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NIH Record - National Institutes of Health

Four Potential Therapeutics for Covid Enter Phase 2/3 Testing

Hundreds of small orange-reddish circles circulate in a cell, attaching to wavy light blue lines.

Colorized scanning electron micrograph of a cell heavily infected with SARS-CoV-2 virus particles (red), isolated from a patient sample. Image captured at the NIAID Integrated Research Facility (IRF) in Fort Detrick.

Photo: NIAID

Enrollment has begun to test additional investigational drugs in the Accelerating Covid-19 Therapeutic Interventions and Vaccines (ACTIV) program. 

ACTIV, sponsored by NIAID, is a public-private partnership that creates a coordinated research strategy to prioritize and speed development of promising Covid-19 treatments and vaccines. The new agents entering the randomized, placebo-controlled study are part of ACTIV-2, an adaptive trial designed to test investigational agents in non-hospitalized adult volunteers experiencing mild to moderate Covid-19 symptoms. 

The added sub-studies will test four interventions for safety and efficacy: SNG001, an inhalable beta interferon delivered by nebulizer, (Synairgen); AZD7442, a long-acting monoclonal antibody combination that will be studied as both an infusion and an intramuscular injection (AstraZeneca); and Camostat mesilate, an orally administered serine protease inhibitor that may block SARS-CoV-2, the virus that causes Covid-19, from entering cells (Sagent Pharmaceuticals).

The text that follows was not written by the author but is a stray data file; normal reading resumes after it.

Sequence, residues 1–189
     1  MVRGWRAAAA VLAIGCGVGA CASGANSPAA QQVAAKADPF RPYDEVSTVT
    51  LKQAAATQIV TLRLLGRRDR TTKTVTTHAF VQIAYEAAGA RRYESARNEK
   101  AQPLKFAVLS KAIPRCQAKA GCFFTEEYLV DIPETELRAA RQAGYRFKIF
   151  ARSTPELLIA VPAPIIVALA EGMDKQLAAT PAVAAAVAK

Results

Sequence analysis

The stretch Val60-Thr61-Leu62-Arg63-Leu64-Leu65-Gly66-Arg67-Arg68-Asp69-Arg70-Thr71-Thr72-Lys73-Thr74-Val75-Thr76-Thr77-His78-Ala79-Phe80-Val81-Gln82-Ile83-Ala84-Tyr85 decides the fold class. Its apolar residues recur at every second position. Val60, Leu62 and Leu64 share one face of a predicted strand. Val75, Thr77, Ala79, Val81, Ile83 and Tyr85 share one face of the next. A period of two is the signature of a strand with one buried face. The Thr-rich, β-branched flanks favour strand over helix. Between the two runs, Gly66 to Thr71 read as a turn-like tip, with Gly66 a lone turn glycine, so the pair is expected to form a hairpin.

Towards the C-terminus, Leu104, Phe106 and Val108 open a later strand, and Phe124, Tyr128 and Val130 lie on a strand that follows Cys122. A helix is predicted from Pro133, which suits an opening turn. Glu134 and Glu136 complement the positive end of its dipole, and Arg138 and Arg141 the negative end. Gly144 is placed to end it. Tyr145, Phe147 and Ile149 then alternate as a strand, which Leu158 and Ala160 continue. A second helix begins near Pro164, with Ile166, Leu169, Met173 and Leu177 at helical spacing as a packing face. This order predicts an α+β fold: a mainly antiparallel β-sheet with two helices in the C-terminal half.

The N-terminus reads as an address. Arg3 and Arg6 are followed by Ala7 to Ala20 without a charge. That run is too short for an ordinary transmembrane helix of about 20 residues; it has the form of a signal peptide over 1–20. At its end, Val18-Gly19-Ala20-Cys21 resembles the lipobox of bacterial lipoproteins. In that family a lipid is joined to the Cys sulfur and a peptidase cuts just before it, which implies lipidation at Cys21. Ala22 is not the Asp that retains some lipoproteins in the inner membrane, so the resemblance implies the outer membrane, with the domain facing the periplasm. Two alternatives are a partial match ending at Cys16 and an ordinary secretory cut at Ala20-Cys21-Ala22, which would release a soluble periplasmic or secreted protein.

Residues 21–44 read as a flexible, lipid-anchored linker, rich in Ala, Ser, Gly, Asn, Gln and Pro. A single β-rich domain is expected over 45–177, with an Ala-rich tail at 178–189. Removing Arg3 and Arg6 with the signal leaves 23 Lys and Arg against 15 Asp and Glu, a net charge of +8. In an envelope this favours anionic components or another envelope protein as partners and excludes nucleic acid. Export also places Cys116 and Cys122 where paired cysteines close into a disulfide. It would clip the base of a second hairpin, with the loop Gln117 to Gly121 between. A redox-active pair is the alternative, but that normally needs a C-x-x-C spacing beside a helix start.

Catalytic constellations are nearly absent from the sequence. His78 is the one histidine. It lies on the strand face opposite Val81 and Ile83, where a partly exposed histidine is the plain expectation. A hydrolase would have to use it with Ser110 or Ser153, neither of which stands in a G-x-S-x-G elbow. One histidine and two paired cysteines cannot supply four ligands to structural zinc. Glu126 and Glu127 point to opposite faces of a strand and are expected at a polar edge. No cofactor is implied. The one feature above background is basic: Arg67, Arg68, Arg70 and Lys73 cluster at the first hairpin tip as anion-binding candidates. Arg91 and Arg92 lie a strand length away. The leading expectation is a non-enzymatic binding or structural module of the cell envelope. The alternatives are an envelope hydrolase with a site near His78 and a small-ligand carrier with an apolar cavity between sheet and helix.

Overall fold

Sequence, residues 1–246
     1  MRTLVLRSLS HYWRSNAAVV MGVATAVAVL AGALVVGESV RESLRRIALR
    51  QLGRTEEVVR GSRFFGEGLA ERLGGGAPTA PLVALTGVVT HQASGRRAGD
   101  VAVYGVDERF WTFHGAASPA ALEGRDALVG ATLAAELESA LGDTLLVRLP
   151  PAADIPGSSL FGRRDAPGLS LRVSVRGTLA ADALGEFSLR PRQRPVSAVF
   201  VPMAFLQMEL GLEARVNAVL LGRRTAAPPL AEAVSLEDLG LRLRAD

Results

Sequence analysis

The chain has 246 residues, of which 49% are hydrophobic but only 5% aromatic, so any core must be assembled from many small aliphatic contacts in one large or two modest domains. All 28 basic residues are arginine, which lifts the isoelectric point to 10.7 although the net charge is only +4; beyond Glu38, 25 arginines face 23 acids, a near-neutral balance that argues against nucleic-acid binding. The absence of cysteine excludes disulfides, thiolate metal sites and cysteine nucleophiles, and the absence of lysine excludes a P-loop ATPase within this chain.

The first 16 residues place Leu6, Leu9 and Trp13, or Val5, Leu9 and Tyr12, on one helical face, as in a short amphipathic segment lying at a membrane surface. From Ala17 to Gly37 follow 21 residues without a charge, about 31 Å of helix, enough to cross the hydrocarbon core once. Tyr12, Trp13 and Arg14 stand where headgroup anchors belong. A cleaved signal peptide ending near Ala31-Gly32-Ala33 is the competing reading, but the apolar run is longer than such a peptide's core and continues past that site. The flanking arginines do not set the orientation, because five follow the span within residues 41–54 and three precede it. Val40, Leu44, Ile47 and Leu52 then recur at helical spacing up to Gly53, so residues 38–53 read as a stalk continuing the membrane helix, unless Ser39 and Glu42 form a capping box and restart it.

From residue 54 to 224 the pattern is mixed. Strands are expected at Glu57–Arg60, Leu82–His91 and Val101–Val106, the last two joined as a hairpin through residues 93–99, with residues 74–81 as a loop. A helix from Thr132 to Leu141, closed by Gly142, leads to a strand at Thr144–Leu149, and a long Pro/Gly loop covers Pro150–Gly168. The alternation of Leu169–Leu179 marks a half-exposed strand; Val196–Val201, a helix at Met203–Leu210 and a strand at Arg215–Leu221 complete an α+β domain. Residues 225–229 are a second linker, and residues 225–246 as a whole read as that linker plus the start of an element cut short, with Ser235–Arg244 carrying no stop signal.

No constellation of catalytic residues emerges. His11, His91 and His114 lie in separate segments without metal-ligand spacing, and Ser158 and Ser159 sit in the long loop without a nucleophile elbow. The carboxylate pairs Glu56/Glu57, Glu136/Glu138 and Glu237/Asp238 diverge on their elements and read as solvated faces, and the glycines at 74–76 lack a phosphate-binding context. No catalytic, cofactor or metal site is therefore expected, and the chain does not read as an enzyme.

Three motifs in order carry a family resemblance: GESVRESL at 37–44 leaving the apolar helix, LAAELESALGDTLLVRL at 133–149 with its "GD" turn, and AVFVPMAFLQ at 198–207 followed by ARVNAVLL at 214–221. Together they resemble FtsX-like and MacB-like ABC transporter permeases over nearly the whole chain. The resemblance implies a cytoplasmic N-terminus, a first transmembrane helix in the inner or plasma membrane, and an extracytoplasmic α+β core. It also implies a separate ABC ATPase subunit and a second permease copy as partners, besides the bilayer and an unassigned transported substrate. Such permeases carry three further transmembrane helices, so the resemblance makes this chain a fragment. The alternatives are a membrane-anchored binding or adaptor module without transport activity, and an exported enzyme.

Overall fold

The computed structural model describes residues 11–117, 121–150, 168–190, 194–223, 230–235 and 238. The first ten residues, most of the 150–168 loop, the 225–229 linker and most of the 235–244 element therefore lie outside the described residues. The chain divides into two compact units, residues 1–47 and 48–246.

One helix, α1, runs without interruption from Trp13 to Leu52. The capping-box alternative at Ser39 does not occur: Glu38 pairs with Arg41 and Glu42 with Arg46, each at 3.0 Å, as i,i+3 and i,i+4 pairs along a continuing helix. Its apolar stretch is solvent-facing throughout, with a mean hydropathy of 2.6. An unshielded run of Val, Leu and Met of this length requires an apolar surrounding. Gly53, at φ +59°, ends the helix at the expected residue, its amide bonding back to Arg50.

The first volunteer enrolled in the SNG001 sub-study on Feb. 10. The other agents under study are expected to begin enrolling participants soon.  

If an investigational agent shows promise by demonstrating safety and reducing Covid-19 symptoms through 28 days following administration, the ACTIV-2 trial then moves to a phase 3 study to gather additional critical data from a larger pool of volunteers. ACTIV-2 trials compare outcomes of multiple interventions with a shared group of placebo recipients. 

To qualify for ACTIV-2, participants must have tested positive for SARS-CoV-2 in the outpatient setting within 10 days and started experiencing symptoms within 8 days of enrolling. To be eligible for the AZD7442 infusion study, participants must be at higher risk—due to age, smoking and/or certain co-morbidities—of progressing to severe Covid-19.

The NIH Record

The NIH Record, founded in 1949, is the biweekly newsletter for employees of the National Institutes of Health.

Published 25 times each year, it comes out on payday Fridays.

Associate Editor: Carla Garnett
Carla.Garnett@nih.gov

Staff Writers:

Eric Bock
Eric.Bock@nih.gov

Dana Talesnik
Dana.Talesnik@nih.gov

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